Source: Daily Advance
Students from historically Black colleges and universities across the state are calling on the North Carolina General Assembly to support HBCUs through equitable funding and measures.
Titled, “Advocacy Day,” students encouraged lawmakers to “respect the rights of HBCU students to have a voice in our democracy,” according to a press release from Common Cause NC.
This comes just a week after a bipartisan group of lawmakers formed “The HBCU Caucus”, which will advocate for the state’s 10 HBCUs in the legislature.
The group underscored the need for adequate investments, and for the state’s legislature to show a commitment to HBCUs.
“They allow us to network with people who have similar journeys and career pathways,” stated Rachel Roundtree, a senior at Elizabeth City State University, during the press conference. “HBCUs contribute greatly to North Carolina, creating jobs, building communities and increasing diversity. We today ask, and demand, that HBCU communities be protected at all costs.’’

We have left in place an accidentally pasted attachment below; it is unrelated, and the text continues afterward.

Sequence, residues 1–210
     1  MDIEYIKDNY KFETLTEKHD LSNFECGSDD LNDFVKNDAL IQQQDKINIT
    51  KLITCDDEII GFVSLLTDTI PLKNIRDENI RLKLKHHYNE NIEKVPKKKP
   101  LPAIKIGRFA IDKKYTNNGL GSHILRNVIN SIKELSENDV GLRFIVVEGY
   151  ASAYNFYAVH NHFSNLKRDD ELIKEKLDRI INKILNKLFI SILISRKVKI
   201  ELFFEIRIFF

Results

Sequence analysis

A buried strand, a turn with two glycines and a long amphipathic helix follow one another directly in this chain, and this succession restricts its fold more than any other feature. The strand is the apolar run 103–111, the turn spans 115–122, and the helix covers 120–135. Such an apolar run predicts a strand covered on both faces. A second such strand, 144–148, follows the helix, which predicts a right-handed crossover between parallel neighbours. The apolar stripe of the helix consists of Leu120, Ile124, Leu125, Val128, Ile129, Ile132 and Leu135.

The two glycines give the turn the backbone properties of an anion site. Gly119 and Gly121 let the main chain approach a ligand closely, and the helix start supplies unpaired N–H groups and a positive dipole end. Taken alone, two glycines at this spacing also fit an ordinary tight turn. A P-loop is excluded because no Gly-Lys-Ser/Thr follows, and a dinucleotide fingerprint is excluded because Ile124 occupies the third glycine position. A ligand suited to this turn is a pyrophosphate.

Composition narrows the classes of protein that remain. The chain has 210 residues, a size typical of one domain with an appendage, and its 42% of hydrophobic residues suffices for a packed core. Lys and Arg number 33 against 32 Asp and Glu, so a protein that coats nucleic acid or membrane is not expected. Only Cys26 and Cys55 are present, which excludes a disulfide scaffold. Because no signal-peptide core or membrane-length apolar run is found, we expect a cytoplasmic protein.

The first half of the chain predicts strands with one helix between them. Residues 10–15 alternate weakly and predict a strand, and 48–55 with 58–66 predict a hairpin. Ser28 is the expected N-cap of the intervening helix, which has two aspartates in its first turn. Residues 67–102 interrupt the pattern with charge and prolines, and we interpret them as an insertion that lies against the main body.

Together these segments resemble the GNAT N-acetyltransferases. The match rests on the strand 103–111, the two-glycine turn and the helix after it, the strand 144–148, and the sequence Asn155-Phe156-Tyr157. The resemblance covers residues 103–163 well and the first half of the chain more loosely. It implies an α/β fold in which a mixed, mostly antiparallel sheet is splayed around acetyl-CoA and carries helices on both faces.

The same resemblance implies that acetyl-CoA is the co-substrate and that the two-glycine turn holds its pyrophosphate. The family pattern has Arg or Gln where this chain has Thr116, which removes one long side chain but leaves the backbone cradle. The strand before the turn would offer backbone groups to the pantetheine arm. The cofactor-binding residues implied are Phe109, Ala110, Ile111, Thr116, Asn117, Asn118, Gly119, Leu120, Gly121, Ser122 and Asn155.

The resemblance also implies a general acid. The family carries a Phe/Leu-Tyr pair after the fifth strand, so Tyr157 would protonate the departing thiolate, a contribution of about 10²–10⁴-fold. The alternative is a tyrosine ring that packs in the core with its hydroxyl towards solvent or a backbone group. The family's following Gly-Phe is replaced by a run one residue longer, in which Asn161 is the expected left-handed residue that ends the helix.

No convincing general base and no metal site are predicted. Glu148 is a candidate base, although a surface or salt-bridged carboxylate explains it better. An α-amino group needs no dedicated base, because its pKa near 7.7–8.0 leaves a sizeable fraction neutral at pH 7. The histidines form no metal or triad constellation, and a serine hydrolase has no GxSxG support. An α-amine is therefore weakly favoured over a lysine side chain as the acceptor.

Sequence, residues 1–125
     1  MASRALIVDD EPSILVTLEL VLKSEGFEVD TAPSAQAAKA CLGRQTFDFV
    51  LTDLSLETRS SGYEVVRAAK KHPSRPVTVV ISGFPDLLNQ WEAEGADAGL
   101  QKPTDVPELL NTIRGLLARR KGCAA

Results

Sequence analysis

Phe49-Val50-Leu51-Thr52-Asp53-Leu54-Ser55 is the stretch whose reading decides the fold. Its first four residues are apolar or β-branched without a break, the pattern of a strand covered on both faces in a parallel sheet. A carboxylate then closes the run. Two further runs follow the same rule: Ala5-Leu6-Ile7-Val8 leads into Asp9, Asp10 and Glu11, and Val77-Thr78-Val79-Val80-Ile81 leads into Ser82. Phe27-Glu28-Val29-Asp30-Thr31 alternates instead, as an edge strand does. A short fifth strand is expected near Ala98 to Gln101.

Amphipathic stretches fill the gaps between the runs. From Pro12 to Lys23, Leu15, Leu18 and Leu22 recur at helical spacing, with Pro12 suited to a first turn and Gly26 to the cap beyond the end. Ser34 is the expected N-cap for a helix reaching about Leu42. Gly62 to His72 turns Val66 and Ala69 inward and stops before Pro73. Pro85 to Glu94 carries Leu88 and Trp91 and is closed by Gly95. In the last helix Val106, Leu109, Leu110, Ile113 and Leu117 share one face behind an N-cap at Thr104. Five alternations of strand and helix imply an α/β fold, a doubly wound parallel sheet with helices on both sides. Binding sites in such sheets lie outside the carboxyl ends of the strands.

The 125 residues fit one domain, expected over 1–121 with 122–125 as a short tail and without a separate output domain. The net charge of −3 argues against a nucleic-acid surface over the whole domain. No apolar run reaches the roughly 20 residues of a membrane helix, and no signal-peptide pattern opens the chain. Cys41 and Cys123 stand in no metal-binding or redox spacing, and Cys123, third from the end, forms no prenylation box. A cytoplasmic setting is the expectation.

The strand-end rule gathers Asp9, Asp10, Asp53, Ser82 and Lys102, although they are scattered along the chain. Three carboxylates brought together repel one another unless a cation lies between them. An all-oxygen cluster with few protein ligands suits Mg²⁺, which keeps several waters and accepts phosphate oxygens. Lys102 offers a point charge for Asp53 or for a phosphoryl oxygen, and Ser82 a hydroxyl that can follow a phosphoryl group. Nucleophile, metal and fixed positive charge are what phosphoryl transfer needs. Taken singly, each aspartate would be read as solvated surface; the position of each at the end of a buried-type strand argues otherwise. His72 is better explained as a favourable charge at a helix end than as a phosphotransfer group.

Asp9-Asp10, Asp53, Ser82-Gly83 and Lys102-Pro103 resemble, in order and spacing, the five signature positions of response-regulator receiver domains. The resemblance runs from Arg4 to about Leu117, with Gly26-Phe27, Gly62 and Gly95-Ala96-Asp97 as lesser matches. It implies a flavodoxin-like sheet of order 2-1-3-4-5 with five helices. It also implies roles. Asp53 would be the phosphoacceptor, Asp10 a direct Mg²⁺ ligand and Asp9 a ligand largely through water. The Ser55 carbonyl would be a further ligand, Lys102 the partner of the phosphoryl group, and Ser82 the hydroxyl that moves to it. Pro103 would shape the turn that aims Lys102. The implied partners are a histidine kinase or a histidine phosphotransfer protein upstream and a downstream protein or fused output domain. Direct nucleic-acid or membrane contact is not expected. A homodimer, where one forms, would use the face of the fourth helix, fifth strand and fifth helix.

Roundtree was not alone, as other HBCU students criticized the controversial House Bill 40 which passed in the House.
Advocates and communities have called out the bill’s measures, which could stifle the right to protest. The vague language of the bill, and its increase in penalty provisions, could result in North Carolinians having their voting rights stripped if convicted, according to PEN America.
“House Bill 40 creates additional charges for North Carolinians speaking out against injustice. We know this bill targets people who look like me,” stated David Wilson, a student at Winston-Salem State University. Wilson underscored that it’s important to elect leaders “who make decisions for us.”
Wilson further added, “We must be just as relentless with keeping our rights that some people are with taking them.”